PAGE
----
A Comparison of Fat Graft Processing Techniques

Outcomes in 1,158 Procedures in Prosthetic Breast Reconstructions

Wen-Kuan Chiu, MD; Megan Fracol, MD; Lauren N. Feld, BS; Cecil S. Qiu, BA, MD; John Y.S. Kim, MD, FACS

Disclosures

Plast Reconstr Surg Glob Open. 2019;7(11):e2276 

In This Article

Abstract and Introduction

Abstract

Background: As fat grafting in breast reconstruction evolves, questions of technique and outcomes persist. We compared 2 common fat processing techniques—decantation (DEC) versus closed wash and filtration (CWF)—with regard to outcomes and efficacy.

Methods: Chart review of a single surgeon experience with breast fat grafting was performed. Data extracted included demographics, technique, complications, graft volume, and revision rates. Secondarily, the timeline of complication profiles was analyzed. Lastly, subgroup analysis of radiated versus nonradiated breast outcomes was performed.

Results: One thousand one hundred fifty-eight fat grafting procedures were performed on 775 breasts (654 DEC, 504 CWF). Time-to-event analysis for all complications showed no difference between groups. Independent risk factors for fat necrosis included DEC technique, body mass index >30 kg/m2, and fat injection >75 mL. The majority of cases of fat necrosis, cyst/nodule formation, ultrasounds, and biopsies occurred more than 6 months after grafting. Average graft volume was lower in DEC compared with CWF breasts (50.6 versus 105.0 mL, P < 0.01), and more DEC breasts required repeat fat grafting procedures (39.9% versus 29.6%, P < 0.01). Radiated breasts received larger fat graft volume (89.9 versus 72.4 mL, P < 0.01) and required more fat graft procedures (average 1.62 versus 1.47, P < 0.01).

Conclusions: This study represents the largest series of breast reconstruction fat grafting to date. DEC harvest technique may be a risk factor for fat necrosis, which results in less fat injection and greater need for repeat procedures. Similarly, radiated breasts require larger graft volume and more repeat procedures.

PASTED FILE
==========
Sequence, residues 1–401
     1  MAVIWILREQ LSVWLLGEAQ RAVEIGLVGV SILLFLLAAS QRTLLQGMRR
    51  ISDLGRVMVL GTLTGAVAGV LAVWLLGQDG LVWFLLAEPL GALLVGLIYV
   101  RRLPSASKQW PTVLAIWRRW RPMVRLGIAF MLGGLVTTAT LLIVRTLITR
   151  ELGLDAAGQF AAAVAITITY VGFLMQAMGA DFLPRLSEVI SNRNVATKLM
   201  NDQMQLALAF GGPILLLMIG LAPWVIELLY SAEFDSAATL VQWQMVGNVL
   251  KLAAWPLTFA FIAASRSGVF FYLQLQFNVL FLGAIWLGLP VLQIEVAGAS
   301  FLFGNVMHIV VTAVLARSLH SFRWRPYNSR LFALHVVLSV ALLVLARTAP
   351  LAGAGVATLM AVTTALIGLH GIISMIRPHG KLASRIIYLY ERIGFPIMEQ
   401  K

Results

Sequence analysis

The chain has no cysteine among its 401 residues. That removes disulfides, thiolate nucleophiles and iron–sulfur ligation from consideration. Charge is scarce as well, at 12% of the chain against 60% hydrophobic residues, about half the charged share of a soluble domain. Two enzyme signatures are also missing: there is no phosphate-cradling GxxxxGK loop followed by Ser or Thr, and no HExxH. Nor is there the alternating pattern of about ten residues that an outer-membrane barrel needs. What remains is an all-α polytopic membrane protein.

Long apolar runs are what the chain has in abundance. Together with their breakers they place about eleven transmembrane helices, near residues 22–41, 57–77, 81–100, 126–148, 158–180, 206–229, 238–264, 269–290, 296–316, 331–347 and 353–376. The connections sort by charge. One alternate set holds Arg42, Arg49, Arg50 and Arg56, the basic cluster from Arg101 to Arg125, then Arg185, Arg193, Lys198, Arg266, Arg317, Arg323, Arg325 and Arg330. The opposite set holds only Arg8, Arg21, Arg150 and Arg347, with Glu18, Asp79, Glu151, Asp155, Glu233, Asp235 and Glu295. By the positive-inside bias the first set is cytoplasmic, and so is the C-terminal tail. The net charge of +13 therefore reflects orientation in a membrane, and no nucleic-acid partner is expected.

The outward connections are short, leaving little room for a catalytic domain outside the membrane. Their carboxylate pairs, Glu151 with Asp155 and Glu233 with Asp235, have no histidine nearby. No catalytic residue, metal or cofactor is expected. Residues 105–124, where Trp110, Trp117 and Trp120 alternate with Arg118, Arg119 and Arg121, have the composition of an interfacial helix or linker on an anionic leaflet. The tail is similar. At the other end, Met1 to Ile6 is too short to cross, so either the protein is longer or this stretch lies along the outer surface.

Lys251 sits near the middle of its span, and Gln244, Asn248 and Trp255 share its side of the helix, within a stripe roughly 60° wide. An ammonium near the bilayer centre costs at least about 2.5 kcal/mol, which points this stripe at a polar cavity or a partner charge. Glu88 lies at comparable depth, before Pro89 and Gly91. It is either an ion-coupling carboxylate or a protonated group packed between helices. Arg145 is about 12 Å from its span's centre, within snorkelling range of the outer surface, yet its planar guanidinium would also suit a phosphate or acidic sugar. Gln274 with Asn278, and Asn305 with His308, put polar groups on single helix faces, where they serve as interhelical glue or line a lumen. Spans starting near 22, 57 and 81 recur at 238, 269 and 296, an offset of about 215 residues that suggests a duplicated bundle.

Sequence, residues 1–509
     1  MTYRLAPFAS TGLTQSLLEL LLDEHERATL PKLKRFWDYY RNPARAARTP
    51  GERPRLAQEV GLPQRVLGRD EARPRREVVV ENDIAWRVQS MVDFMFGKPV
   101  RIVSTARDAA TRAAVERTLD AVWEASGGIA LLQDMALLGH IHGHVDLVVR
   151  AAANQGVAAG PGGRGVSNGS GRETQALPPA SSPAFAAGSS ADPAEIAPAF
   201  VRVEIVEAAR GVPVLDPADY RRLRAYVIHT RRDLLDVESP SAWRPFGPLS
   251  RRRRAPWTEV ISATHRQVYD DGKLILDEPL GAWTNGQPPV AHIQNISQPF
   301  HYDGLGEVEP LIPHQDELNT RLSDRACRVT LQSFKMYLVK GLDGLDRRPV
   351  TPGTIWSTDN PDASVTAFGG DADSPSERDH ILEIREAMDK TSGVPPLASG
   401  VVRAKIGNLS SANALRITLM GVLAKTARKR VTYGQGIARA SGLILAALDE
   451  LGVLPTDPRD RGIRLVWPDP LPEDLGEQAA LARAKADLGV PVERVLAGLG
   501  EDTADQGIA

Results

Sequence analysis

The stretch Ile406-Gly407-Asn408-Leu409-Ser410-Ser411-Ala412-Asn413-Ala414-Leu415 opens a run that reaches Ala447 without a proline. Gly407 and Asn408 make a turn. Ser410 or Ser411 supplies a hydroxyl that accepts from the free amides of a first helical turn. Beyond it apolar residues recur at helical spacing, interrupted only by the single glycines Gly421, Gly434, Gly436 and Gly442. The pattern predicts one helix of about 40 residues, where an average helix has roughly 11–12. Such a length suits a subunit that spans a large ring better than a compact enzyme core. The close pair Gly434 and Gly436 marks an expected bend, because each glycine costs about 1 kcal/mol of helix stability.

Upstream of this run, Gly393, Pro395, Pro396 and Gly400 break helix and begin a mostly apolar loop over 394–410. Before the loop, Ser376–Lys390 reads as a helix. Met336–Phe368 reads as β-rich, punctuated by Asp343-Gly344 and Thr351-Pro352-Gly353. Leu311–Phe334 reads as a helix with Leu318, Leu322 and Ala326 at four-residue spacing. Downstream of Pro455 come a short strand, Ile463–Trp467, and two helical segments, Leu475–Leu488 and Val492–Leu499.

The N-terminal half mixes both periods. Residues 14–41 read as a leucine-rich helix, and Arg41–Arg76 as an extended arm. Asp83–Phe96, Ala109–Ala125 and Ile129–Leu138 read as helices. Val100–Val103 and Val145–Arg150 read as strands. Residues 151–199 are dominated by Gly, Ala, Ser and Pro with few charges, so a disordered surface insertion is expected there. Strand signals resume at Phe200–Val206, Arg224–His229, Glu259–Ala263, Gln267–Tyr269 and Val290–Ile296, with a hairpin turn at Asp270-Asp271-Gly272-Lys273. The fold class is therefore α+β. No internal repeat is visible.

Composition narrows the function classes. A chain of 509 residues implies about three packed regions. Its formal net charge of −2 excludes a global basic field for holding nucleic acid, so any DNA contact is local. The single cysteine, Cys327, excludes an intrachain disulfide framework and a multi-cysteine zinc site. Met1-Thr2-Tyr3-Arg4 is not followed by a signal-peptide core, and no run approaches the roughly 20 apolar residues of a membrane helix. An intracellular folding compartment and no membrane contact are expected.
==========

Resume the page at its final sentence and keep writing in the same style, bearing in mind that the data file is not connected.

Introduction

Autologous fat grafting (AFG) is a widely accepted technique for improving esthetic outcomes through volume enhancement and correction of contour deformities following breast reconstruction surgery.[1–3] It provides the ability to shape and contour tissue through a minimally invasive approach and is associated with high patient satisfaction in numerous studies and systematic reviews.[1,4–7] AFG includes 4 steps: recipient site preparation, fat harvesting, processing, and injection. Fat processing is not a mandatory step of fat grafting; however, many surgeons process the harvested fat with the goal of purifying adipocytes to remove unwanted debris that could potentially affect cell viability.[8] Although previous studies have shown AFG to be a safe and effective technique to improve esthetic outcomes in breast reconstruction, the optimal fat processing technique remains elusive due to inconclusive evidence regarding relative efficacy.[9–15] Moreover, there is a paucity of data on longer-term nononcologic outcomes of fat grafting with respect to surgical complications and need for revision fat grafting.

Two commonly used methods of fat processing by the senior author include decantation (DEC), in which manually harvested fat is collected into a syringe and allowed to settle into separate layers, and closed wash and filtration (CWF), in which lipoaspirate is washed with saline and filtered with suction assistance. Although histologic studies have suggested advantages to CWF in terms of decreased cellular debris and greater fat retention, no studies have directly compared the risk of potential sequelae of fat impurities, such as oil cysts and fat necrosis, between these 2 techniques.[16,17]

Accordingly, this study's primary purpose is to compare these 2 common methods of fat harvest with respect to complications and efficacy. Second, we endeavor to provide the first granular detail on timelines of complications and risk factors for complications to better address surveillance issues following fat grafting. Third, we performed comparative subgroup analysis of radiated versus nonradiated breasts undergoing fat grafting.

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